Children are ‘spoiled in stripping for strangers’ on a daily basis, says MP

Children are being “blackmailed into stripping for strangers”, an MP has warned, amid calls for the Government to ban smartphones for under-16s.

Conservative MP Miriam Cates (Penistone and Stocksbridge) told a debate in Westminster Hall that mobile devices were having a harmful effect on children.

She said: “This Government has less than a year left in office, but if we could pass the Coronavirus Act (2020) in one day, we can certainly, certainly, use the next few months to legislate to introduce effective measures to protect children. from real and present danger.”

Miriam Cates MP

Miriam Cates MP presented the debate in Westminster Hall (Danny Lawson/PA)

Introducing the debate, Ms Cates said: “Imagine if offering our children for sex or blackmailing strangers into stripping was a daily occurrence.

“Imagine if every mistake your child made was announced on public notice boards, so everyone could laugh and joke until the shame makes life not worth living.

“But this is not a horror movie, this is not an imaginary Wild West, this is the digital world our children inhabit, often hours a day.

“Our kids are not okay.”

Ms Cates compared the outcry over a reported link between smartphones and poor mental health to the Liquor Act 1901, which banned the sale of alcohol to children, and the Criminal Law Amendment Act 1885, which raised the age of consent girls from 13 to 16 years of age. .

“We will look back and ask why we allowed pedophiles, predators, greedy capitalists and foreign enemies unfettered access to our children,” she said.

SNP MP Alyn Smith said Murray Dowey, a 16-year-old boy in his Stirling constituency, died by suicide after falling victim to “sex stories”.

Sextortion victims receive nude photos and, if they return a similar photo, receive threats that the image will be shared publicly if they do not comply with demands to share data online, including credit card information.

“Sextortion is a terrible word for a terrible thing, but it’s something that we need to make young people in particular more aware of, because the risks are real and clear,” said Mr Smith.

“Murray was a bright, happy 16-year-old.

“He was brilliant at football, his team was Stirling Albion, he was well liked, he was very popular, and he took his own life after being the victim of sextortion through his Instagram chat account.”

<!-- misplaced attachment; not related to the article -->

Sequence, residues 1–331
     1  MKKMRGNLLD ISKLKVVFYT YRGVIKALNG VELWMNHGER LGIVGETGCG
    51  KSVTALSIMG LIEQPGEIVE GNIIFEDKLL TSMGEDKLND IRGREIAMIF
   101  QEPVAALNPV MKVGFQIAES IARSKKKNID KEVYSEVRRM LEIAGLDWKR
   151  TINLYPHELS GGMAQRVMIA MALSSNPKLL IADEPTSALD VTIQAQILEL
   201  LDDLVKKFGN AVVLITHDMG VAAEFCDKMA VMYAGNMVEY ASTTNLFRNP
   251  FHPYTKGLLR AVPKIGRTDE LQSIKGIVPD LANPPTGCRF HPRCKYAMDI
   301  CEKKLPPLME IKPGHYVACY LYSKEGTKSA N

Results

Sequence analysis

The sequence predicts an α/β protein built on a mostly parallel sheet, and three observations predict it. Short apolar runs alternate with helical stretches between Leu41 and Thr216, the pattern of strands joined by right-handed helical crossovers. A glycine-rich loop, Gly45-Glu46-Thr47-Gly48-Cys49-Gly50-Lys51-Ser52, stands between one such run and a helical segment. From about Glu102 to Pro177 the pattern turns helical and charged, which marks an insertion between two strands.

Mr Smith said a ban on smartphones could “incite a backlash” and would be “very difficult to enforce and regulate”.

He said: “I am very impressed with the idea of ​​restricting access to schools, which would be a sensible thing to do.”

He added that police and law enforcement were “not as connected to technology companies and their products”, and “regulators don’t seem to have much teeth”.

Labour’s Sir Chris Bryant (Rhondda) said: “I think social media has enhanced some of the worst aspects of humanity.”

He called for “many more mental health professionals to be brought into schools”.

Sir Chris said that creative education “can be a really important part of building self-confidence, self-understanding, better socialisation, working as part of a team and all that, and one of the problems we’ve had for years recent than that. has fallen out”.

Technology Minister Saqib Bhatti said: “We live in the digital age and many parents want their children to have a smartphone, as these offer many benefits for children and parents, such as being connected while traveling alone.

“In other words … while we may be trying to protect children from one harm, (a ban) may lead to another harm.

“So, I talk to a lot of parents who give me the other side of the argument, and I just want to put that on the record.

“A child’s access to a smartphone should not be a decision for the government.

“Instead, we should think about empowering parents to make the right call for their children and their individual circumstances.

“Indeed, it is clear that parents can influence the market as consumers themselves and in my view that is a freedom of choice that parents and children should be allowed to exercise.”

Parliament passed the Online Safety Act in 2023, which requires tech firms to “prevent children from accessing harmful age-inappropriate content and provide clear and accessible ways for parents and children to report problems online when they arise”, according to the Government.

Over 24,000 people have signed a petition asking the Government to ban smartphones and camera phones for under 16s.

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